How Did #Covid Lockdown Affect Young People With Autism ?

Covid19 lockdown restrictions have been hard on everyone but especially for those who have been shielding, who have been alone, those on low incomes and for those who are carers and who are cared for.

Research from the Universitat Oberta de Catalunya has looked specifically at how lockdown has affected young people with autism and their families. It is hoped that the results from the research will be used to inform how better to support young people with autism.

Lockdown meant that daily routines were disrupted as centres and schools closed. Children and young people had to spend time at home with family. This had both positive and negative effects.

Most of the families that participated in the study observed a change in the emotional state of their child with ASD (Autistic Spectrum Disorder). Specifically, parents stressed that during lockdown their children were happier, calmer and more placid than they were before it. To a great extent, they benefitted from the increase in the amount of time they spent with their families and the routines they adopted.

Researcher Cristina Mumbardó Adam explained:

“Families stressed that children and adolescents with ASD [Autistic Spectrum Disorder]adapted to the situation much better than they expected.

“In fact, following an initial period of complexity, they improved in aspects such as communication, relationships and emotional responses and they even participated more often in routines proposed by their families”

Highlighted was the importance of support from schools, which was poor at the start of lockdown, meaning there was a lack of educational resources at the beginning. Even going outdoors could be problematic with some members of the public lacking in understanding when a young person with autism was not complying with the limitations imposed on physical distancing.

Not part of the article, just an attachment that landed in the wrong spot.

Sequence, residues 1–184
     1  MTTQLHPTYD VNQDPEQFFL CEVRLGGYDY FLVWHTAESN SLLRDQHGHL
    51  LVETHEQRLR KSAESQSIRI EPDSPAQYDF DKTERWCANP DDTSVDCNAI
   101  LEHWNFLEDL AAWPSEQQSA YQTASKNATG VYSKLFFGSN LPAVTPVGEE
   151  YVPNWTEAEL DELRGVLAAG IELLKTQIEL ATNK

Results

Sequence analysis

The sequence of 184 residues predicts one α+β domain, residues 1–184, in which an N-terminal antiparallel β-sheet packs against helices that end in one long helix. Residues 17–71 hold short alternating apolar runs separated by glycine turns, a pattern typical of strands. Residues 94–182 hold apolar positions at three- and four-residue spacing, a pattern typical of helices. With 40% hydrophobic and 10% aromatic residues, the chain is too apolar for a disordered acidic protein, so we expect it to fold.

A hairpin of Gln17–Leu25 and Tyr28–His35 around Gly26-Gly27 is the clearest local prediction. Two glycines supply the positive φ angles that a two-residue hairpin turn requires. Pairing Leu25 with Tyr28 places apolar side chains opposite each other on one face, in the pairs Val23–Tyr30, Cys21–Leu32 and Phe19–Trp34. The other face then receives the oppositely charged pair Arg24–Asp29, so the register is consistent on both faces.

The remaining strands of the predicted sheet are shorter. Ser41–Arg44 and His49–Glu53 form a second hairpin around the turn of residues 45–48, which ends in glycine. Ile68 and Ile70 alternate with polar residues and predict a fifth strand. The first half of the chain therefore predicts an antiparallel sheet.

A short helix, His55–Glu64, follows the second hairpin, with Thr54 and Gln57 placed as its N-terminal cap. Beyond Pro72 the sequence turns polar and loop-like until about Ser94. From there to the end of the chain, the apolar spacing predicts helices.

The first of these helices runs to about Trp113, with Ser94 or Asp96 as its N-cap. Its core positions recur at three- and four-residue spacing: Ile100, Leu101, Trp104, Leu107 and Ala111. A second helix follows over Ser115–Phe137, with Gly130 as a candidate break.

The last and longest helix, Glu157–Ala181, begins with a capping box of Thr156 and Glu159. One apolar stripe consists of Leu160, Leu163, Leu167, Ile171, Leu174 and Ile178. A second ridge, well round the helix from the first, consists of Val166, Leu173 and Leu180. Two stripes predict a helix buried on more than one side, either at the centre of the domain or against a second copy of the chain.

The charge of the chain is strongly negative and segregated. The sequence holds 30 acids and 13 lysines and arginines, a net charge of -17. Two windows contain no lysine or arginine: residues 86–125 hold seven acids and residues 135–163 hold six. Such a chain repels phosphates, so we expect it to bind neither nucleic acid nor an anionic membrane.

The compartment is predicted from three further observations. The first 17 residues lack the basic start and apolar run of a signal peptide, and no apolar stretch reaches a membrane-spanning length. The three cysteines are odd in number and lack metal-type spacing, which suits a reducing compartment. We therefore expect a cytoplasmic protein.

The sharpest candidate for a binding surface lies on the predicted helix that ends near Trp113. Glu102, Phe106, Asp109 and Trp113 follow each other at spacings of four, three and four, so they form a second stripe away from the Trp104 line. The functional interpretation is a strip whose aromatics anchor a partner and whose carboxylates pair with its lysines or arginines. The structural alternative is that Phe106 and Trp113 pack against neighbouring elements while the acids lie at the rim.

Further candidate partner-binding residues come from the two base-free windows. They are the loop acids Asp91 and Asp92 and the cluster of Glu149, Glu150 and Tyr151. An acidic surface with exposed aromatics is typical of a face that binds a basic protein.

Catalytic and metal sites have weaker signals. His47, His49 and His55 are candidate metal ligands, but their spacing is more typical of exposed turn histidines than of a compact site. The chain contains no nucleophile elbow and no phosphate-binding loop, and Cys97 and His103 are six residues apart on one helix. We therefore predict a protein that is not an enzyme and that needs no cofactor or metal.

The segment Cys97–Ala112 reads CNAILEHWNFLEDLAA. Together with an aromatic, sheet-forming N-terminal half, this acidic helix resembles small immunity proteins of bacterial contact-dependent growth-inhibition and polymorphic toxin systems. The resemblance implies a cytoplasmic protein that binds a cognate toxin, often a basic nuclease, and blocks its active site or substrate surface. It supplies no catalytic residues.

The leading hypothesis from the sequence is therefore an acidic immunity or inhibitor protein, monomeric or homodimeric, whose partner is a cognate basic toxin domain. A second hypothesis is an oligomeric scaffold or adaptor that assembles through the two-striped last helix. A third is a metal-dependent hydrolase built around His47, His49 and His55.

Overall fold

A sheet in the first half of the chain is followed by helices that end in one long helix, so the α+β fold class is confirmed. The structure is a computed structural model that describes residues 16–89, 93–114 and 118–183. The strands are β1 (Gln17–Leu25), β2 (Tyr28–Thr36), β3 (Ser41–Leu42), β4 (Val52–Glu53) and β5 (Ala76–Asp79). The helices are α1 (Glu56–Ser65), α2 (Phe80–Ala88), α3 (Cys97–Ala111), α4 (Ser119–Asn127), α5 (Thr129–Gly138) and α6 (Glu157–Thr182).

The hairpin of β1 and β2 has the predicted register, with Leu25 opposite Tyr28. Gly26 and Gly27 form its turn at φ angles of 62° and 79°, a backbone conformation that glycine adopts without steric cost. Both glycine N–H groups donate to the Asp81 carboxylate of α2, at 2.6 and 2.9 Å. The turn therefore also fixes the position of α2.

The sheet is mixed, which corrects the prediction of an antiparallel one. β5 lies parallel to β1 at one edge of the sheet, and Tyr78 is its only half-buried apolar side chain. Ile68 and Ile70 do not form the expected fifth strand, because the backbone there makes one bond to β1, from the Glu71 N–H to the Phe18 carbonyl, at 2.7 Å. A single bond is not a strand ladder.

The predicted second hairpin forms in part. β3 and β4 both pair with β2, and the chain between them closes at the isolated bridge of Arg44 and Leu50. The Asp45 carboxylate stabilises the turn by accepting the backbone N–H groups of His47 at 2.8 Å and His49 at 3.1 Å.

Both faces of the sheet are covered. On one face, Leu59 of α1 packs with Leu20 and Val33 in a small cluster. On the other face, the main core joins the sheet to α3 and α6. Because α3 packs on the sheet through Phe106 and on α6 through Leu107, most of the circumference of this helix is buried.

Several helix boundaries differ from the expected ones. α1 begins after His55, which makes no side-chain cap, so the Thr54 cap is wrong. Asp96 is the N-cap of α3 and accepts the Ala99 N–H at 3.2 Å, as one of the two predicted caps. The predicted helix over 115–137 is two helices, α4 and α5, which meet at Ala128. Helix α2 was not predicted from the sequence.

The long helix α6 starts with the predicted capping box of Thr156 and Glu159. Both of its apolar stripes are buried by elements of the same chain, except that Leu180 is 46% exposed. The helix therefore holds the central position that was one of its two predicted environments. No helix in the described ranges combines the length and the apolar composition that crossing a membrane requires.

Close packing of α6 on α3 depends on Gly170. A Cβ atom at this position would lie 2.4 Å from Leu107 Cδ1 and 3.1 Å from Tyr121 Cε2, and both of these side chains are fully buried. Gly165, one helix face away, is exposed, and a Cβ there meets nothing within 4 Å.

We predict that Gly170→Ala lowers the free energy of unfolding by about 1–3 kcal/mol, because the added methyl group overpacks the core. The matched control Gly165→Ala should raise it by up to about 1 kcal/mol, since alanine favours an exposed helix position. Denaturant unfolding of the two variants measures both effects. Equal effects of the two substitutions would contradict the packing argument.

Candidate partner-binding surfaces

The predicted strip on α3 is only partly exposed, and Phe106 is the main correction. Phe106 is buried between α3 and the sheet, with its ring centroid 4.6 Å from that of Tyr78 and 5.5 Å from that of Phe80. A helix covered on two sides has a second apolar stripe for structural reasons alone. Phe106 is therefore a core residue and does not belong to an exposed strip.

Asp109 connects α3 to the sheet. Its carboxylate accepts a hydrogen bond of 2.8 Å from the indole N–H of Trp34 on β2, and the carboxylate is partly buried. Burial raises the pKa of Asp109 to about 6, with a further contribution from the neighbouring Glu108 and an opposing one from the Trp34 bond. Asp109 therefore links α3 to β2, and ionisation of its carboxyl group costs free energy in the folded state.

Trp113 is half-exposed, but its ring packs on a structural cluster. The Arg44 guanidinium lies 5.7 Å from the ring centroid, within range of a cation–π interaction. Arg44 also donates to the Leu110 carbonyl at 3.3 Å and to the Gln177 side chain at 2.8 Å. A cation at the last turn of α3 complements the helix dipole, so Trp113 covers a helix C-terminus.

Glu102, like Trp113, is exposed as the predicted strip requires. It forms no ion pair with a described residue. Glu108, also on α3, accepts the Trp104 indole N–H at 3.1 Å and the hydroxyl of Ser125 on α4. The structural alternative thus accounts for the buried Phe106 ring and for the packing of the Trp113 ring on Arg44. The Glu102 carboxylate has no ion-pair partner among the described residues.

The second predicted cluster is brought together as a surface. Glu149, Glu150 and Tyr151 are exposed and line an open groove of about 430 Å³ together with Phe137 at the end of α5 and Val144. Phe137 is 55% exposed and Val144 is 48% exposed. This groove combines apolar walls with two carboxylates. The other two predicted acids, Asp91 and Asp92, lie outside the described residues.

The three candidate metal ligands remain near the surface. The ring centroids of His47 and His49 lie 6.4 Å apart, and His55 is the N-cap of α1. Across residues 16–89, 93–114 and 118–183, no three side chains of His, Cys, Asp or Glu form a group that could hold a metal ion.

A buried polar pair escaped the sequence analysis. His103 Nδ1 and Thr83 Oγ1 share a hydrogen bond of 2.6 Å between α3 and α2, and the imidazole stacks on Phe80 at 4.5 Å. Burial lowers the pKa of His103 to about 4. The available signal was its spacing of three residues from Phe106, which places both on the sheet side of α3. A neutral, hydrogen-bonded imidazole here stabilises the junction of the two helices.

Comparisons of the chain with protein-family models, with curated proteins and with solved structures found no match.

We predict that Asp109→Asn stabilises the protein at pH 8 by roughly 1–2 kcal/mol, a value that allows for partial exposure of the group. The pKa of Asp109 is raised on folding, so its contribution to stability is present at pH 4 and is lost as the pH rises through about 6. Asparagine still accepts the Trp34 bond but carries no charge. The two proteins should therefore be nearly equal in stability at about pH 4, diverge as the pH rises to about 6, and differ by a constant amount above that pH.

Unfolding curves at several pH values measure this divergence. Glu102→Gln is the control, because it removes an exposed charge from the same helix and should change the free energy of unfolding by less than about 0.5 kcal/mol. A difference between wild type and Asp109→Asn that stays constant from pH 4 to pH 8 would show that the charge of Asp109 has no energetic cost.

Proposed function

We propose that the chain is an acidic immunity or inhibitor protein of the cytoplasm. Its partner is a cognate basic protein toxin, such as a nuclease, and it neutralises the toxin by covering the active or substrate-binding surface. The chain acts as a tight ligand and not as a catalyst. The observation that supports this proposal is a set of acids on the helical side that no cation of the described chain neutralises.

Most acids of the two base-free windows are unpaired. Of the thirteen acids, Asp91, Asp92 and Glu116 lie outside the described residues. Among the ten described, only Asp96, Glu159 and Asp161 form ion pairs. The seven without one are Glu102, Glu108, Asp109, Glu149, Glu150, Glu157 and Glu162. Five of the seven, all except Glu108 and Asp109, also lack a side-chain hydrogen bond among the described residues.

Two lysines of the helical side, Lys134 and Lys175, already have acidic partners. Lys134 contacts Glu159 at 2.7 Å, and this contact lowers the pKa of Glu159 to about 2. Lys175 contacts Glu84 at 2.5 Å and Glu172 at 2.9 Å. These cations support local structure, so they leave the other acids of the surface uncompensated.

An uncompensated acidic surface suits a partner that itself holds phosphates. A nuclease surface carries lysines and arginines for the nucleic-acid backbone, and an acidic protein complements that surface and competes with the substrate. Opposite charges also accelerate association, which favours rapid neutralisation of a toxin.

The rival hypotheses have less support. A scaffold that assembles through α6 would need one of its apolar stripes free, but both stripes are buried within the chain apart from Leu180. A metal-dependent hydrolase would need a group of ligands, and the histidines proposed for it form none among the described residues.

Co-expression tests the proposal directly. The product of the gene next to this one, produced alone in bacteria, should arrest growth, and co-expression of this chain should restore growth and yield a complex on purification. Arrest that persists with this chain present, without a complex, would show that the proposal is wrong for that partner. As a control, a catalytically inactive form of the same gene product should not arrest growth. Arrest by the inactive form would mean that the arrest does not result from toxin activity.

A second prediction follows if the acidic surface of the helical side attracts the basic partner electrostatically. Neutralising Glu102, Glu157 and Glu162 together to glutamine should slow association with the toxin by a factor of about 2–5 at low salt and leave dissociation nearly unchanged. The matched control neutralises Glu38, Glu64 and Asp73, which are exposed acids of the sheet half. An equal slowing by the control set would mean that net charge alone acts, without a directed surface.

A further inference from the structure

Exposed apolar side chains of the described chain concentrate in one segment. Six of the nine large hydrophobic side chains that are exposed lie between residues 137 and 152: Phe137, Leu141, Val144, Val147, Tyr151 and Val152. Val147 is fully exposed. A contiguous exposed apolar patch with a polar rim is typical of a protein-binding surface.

Young people with autism did adapt well when having to use new remote communication channels. For example, seeing their family members, teachers and friends on video calls made during lockdown increased their well-being and calmness.

The researchers state:

“Technology was of great help and although sometimes they did not know how to use these new means of communicating with someone, just being able to see a grandparent, classmates and other family members made them happier and calmer.”

These results were those of the families who took part in the research. For some young people with autism the results may not be the same.

It is hoped that future research in this area will focus on the development of policies to ensure the well-being and academic performance of children with ASD who attend inclusive schools.

You can find the research here:

Cristina Mumbardó-Adam, Silvia Barnet-López, Giulia Balboni, How have youth with Autism Spectrum Disorder managed quarantine derived from COVID-19 pandemic? An approach to families perspectives, Research in Developmental Disabilities, Volume 110, 2021, 103860, ISSN 0891-4222,

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